Govt urges private sector to establish e-waste projects
AS Nigeria is facing a huge challenge of e-waste accumulation, the federal authorities are seeking the establishment of a pilot project and bigger schemes that will be managed by relevant institutions and private sectors in the country.
The authorities believe that the proposed project will undoubtedly create employment, boast national economy, alleviate poverty, and upgrade the capacity of the informal sector in managing e-waste in an environment friendly manner.
Minister of Environment, Mrs. Laurentia Mallam who revealed the plan during the inception meeting for the Person in Port project organized by Basel Convention Coordinating Centre for Training and Technology Transfer for Africa region (BCCC-Africa), University of Ibadan in Lagos, noted that Nigeria has been used as dumping ground for used and un-used serviceable electrical and electronic equipment from developed world.
According to studies by the United Nations Environment Programme (UNEP), between 20 to 50 million tonnes of e-waste are generated globally and developing countries will produce double the e-waste produced in developed countries by 2016. It is also estimated that by 2030 developing countries will be discarding 400- 700 million obsolete personal computers annually in addition to 200 – 300 million in developed countries.
E-waste contains valuable ferrous (iron), non-ferrous (aluminum, copper), precious and special (gold, palladium, silver, indium, gallium), metals that can be obtained from dismantling of computer cases, frames, wires, cables and other components. Similarly, e-waste contains hazardous materials such as lead, mercury, beryllium, cadmium, and brominated flame retardants that pose both human and environmental health threat.
“ The rising value of these materials makes recycling more economically viable and attractive. In developing like Nigeria, Ghana, including China, India and South Africa, e-waste recycling is still not done in a satisfactory way, “ the minister said.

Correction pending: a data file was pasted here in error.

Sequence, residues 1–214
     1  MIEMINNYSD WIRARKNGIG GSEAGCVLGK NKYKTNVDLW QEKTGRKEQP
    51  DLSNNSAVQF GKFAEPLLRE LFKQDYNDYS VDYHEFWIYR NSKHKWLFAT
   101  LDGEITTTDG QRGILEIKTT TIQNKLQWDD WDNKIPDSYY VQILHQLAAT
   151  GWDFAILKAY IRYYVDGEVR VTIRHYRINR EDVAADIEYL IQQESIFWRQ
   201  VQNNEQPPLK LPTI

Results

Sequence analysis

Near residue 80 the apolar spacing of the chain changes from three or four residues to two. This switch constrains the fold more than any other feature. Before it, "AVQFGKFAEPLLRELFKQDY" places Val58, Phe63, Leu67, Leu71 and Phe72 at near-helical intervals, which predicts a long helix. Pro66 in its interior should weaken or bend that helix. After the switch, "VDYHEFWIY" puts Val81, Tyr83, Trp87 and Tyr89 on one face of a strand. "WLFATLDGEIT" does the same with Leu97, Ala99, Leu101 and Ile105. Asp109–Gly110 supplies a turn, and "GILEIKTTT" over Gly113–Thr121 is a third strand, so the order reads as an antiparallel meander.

Mrs. Mallam who was represented by a Deputy Director in charge of Chemical Management in the Ministry of Environment, Dr. Idris Goji, listed some of the crude or ‘backyard recycling processes as open burning of plastics/copper wires – to reduce waste volume and to salvage valuable metals such as copper; and strong acid leaching of printed wiring board to recover precious metals.
She said that challenge of complying with stringent environmental safeguards and controls; and the economic costs in developed countries are responsible for the adoption of the easier option of exporting e-waste to developed countries.
Mallam stressed that the ministry is determined to stop the accumulation of electric/electronic equipment in the environment. “So far, the ministry has developed a draft policy, prepared guidelines and strategic action plan on the management of e-waste, e-waste management regulations have been prepared by the National Environmental Standard Regulation and Enforcement Agency (NESREA) and these regulations have been approved and are in force.”
German Consul General, Michael Desus pledged support to the federal government to tackle the issues of e-waste in the country. He also called for the participation of the private sector in the establishment of recycling plants, noting that the small and medium scale industries are keys in the mopping up e-wastes.
The Executive Director, BCCC-Africa, Prof. Oladele Osibanjo called for partnership and collaboration with Federal Ministry of Environment, NESREA, Nigeria Customs and Nigeria Ports Authority and other stakeholders to ensure the success of the project in the national and global interest.
He further disclosed that the two-day workshop is to gather reliable information and data on the importation of Used Electrical and Electronic Equipment (UEEE) and Waste Electrical and Electronic Equipment (WEEE) into Nigeria through the Lagos Ports.